Aphakia is a pathological condition of the organ of vision, which is characterized by the absence of a lens in the eyeball. Clinically, the disease is manifested by a decrease in visual acuity, trembling of the iris, loss of the ability to accommodate and asthenopic complaints. Diagnosis of aphakia includes visometry, gonioscopy, biomicroscopy, ophthalmoscopy, refractometry and ultrasound examination of the eye. Conservative therapy consists in correcting aphakia with the help of contact lenses and glasses. The tactics of surgical treatment is reduced to the implantation of an artificial lens (intraocular lens) in the aphakic eye.
Aphakia, or lack of a lens, is an eye disease of congenital or acquired genesis, which is accompanied by refraction pathology, decreased visual acuity and inability to accommodate. Congenital aphakia is one of the orphan diseases, the frequency of its development in the population has not been studied enough. At the same time, the number of postoperative aphakias resulting from cataract extraction increases every year. The risk of developing an acquired form of the disease increases dramatically after the age of 40. An increase in the number of acquired forms of the disease is predicted in economically prosperous countries. The development of both congenital and acquired forms of pathology is not affected by race and gender.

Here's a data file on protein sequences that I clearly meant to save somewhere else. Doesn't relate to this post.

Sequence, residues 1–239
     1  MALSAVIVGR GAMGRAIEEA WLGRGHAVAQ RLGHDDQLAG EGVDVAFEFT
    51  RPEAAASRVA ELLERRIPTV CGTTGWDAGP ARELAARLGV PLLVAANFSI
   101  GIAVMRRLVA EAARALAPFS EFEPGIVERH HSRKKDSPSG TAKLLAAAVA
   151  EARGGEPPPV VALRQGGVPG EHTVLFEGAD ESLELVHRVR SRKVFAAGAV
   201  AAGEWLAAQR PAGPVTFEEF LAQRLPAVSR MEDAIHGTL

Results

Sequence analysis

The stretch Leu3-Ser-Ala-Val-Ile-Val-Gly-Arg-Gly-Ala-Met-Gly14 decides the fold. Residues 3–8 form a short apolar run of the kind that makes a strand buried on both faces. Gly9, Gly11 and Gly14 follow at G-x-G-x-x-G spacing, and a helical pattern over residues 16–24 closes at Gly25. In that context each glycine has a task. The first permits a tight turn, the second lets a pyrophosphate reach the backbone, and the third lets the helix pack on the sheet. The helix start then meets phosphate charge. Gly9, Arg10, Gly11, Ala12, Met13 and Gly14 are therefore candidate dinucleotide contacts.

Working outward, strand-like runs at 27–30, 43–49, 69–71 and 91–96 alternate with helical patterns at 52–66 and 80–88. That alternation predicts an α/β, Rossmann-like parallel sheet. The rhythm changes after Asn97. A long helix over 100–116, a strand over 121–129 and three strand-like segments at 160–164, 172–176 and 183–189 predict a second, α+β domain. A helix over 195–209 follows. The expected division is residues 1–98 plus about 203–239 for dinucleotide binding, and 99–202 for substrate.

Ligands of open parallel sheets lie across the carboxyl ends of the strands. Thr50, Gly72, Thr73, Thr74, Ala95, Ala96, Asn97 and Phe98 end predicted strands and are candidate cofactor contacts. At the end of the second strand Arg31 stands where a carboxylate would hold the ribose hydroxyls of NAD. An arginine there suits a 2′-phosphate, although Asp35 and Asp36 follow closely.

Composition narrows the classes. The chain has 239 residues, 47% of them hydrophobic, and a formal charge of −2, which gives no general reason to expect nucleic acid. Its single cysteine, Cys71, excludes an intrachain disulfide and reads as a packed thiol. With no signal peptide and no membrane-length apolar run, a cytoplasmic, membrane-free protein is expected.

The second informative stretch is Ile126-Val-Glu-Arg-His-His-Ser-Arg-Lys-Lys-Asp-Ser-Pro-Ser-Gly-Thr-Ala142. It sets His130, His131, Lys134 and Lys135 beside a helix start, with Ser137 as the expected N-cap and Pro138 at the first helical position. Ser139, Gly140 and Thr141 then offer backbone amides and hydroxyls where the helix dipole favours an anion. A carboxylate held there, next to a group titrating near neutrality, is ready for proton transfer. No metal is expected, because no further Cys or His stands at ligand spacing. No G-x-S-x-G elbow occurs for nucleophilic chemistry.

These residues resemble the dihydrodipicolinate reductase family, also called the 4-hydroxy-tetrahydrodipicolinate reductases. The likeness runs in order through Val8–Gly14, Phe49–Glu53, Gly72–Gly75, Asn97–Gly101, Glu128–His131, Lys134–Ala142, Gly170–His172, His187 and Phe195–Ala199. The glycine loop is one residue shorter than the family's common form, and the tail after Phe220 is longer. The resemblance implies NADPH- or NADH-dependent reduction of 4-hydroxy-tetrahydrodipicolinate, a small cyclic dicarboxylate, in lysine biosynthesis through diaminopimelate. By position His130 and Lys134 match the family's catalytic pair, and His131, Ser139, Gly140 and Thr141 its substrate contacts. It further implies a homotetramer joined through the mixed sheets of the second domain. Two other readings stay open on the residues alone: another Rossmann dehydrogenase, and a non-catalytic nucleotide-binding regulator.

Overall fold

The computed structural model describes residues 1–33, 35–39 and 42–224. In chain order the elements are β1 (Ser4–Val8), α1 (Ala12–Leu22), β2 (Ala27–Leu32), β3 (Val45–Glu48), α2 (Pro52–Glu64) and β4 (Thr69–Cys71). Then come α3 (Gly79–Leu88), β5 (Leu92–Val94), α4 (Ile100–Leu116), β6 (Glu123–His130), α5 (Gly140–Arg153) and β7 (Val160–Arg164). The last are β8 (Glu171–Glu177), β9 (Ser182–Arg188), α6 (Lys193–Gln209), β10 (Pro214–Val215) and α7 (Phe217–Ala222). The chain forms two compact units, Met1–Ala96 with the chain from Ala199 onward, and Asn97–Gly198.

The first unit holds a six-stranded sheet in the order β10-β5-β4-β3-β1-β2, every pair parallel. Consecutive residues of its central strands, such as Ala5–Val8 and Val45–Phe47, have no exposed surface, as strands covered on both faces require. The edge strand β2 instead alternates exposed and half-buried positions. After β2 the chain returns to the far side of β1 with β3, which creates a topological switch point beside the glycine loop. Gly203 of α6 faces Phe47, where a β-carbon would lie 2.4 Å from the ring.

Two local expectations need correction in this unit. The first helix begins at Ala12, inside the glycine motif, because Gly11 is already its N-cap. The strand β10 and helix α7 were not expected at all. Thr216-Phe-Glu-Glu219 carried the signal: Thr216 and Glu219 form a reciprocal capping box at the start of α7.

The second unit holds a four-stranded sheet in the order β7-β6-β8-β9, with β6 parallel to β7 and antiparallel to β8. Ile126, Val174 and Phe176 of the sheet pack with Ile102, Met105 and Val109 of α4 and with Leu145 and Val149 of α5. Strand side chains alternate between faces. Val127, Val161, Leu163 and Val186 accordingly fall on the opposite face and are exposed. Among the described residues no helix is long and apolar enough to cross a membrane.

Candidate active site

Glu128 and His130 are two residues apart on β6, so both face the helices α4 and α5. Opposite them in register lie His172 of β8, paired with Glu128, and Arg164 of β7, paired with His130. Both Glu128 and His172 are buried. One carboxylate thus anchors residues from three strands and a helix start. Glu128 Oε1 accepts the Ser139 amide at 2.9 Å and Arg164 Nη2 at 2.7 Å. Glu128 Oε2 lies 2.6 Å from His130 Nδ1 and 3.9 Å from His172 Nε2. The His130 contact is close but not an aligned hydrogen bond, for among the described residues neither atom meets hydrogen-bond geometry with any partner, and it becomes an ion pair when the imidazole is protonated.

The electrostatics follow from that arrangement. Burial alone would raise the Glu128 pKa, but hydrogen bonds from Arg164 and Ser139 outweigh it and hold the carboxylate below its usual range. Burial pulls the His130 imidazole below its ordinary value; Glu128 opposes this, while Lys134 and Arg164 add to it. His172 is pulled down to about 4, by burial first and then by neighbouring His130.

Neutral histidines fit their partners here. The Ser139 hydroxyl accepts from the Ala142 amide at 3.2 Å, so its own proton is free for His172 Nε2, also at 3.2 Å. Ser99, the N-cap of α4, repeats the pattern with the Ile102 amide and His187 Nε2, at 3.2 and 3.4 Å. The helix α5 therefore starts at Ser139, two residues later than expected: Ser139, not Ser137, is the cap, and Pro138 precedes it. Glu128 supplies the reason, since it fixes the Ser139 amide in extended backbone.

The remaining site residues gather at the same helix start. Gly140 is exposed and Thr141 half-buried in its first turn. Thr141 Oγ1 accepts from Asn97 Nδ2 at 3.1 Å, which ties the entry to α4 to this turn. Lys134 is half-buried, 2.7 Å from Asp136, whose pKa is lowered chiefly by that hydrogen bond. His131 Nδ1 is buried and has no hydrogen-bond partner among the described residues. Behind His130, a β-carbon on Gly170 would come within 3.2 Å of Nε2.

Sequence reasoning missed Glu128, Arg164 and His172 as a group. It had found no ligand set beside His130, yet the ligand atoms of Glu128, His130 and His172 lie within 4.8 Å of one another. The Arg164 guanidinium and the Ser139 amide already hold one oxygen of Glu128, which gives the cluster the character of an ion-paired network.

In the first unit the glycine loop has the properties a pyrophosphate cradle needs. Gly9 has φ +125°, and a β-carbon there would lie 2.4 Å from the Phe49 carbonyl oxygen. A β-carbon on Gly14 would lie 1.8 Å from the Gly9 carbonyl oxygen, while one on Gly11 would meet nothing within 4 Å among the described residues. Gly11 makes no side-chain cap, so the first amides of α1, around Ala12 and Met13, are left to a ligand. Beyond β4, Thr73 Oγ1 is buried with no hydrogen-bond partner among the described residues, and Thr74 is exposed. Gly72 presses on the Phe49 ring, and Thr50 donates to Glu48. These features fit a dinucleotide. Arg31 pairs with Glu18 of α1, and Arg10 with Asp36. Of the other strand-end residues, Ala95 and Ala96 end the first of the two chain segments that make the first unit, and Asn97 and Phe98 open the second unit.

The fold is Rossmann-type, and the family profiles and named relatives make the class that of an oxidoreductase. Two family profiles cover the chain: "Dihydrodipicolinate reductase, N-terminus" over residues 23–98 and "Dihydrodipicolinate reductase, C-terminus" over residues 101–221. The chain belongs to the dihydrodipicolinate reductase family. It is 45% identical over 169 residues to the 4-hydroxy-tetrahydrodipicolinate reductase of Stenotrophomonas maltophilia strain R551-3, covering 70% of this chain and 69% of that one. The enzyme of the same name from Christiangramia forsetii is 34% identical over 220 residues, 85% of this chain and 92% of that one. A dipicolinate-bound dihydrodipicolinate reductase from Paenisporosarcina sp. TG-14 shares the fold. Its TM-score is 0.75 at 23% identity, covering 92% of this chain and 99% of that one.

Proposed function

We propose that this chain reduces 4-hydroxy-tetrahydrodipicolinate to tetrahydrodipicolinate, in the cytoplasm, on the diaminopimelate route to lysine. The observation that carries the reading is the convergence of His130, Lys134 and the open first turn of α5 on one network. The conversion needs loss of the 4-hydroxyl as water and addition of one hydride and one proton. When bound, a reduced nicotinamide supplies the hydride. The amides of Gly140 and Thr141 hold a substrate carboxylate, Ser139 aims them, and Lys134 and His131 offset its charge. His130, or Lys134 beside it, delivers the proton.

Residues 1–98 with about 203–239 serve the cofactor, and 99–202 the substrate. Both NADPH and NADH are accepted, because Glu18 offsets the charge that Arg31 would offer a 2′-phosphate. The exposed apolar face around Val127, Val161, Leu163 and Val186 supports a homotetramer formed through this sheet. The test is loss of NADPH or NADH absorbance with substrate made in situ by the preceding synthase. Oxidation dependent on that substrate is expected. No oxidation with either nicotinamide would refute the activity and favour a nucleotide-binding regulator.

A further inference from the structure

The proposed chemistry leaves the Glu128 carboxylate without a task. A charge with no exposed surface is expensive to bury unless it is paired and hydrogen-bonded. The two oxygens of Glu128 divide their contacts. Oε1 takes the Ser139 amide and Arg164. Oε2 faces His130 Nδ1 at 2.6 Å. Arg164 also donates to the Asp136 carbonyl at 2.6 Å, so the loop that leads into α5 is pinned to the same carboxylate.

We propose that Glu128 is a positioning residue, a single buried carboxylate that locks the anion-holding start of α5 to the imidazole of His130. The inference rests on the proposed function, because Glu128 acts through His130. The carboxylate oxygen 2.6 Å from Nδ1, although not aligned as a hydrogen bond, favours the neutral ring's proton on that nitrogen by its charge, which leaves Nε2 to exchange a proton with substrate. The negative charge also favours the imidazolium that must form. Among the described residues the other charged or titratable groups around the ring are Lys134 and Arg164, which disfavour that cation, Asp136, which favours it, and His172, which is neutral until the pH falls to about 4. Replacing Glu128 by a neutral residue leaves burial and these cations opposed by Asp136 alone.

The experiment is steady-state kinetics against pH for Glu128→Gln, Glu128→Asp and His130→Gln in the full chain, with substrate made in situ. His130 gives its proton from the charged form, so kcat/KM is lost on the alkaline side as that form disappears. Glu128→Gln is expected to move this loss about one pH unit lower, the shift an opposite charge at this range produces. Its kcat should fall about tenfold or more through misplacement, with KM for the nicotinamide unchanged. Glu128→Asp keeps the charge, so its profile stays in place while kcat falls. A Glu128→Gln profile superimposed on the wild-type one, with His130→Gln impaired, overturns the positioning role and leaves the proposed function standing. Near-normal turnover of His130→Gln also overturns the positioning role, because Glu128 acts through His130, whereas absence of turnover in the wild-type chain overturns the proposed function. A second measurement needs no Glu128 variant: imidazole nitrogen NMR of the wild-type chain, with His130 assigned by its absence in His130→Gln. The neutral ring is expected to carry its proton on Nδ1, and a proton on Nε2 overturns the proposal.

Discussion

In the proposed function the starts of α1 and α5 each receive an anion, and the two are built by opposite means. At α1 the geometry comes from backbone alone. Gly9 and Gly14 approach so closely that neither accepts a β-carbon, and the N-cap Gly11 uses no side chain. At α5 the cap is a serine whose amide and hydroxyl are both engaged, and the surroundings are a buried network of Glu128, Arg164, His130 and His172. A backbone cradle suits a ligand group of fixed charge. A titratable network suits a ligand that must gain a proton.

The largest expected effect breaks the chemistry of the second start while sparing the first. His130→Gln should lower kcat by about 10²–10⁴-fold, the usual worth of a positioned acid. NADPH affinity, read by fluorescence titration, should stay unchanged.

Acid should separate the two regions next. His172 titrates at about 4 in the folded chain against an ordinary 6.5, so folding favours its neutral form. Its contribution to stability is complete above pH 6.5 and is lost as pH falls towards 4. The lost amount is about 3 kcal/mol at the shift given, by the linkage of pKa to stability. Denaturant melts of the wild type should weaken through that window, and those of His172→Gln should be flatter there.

Causes of aphakia
The clinical classification of aphakia includes congenital and acquired forms of the disease. In ophthalmology, there are two types of congenital aphakia: primary (due to lens aplasia) and secondary (develops with intrauterine resorption of the lens). Depending on the prevalence, the absence of the lens can be monocular (unilateral) and binocular (bilateral).
A key role in the development of congenital aphakia is played by a violation of the development of the lens at the stage of embryogenesis. In the primary form of congenital malformation, the separation of the crystalline vesicle from the external ectoderm does not occur. PAX6 and BMP4 genes are normally responsible for this process. Depending on the degree of decrease in the expression of these genes at certain stages of embryonic development, the formation of anterior lenticonus, anterocapsular cataract and Peters anomaly, combined with the absence of a lens, is possible. It has been experimentally proved that the delay in the development of eyeball structures at the stage of corneal-lens contact leads to the primary form of congenital aphakia.